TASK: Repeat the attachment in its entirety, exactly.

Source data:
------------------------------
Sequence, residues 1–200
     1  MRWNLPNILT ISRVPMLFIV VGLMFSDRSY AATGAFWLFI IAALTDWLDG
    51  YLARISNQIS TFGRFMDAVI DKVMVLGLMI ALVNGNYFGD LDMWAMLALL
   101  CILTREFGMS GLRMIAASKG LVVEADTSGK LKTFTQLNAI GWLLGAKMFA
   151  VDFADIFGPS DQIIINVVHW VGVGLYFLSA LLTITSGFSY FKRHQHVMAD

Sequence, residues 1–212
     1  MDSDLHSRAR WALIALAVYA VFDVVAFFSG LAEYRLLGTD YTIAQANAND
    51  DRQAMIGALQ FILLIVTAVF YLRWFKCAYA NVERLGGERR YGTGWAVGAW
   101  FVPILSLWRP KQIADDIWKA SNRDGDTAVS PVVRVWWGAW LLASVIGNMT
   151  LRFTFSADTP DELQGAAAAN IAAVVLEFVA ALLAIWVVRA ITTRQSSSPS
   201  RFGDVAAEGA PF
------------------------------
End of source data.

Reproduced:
Sequence, residues 1–200
     1  MRWNLPNILT ISRVPMLFIV VGLMFSDRSY AATGAFWLFI IAALTDWLDG
    51  YLARISNQIS TFGRFMDAVI DKVMVLGLMI ALVNGNYFGD LDMWAMLALL
   101  CILTREFGMS GLRMIAASKG LVVEADTSGK LKTFTQLNAI GWLLGAKMFA
   151  VDFADIFGPS DQIIINVVHW VGVGLYFLSA LLTITSGFSY FKRHQHVMAD

Sequence, residues 1–212
     1  MDSDLHSRAR WALIALAVYA VFDVVAFFSG LAEYRLLGTD YTIAQANAND
    51  DRQAMIGALQ FILLIVTAVF YLRWFKCAYA NVERLGGERR YGTGWAVGAW
   101  FVPILSLWRP KQIADDIWKA SNRDGDTAVS PVVRVWWGAW LLASVIGNMT
   151  LRFTFSADTP DELQGAAAAN IAAVVLEFVA ALLAIWVVRA ITTRQSSSPS
   201  RFGDVAAEGA PF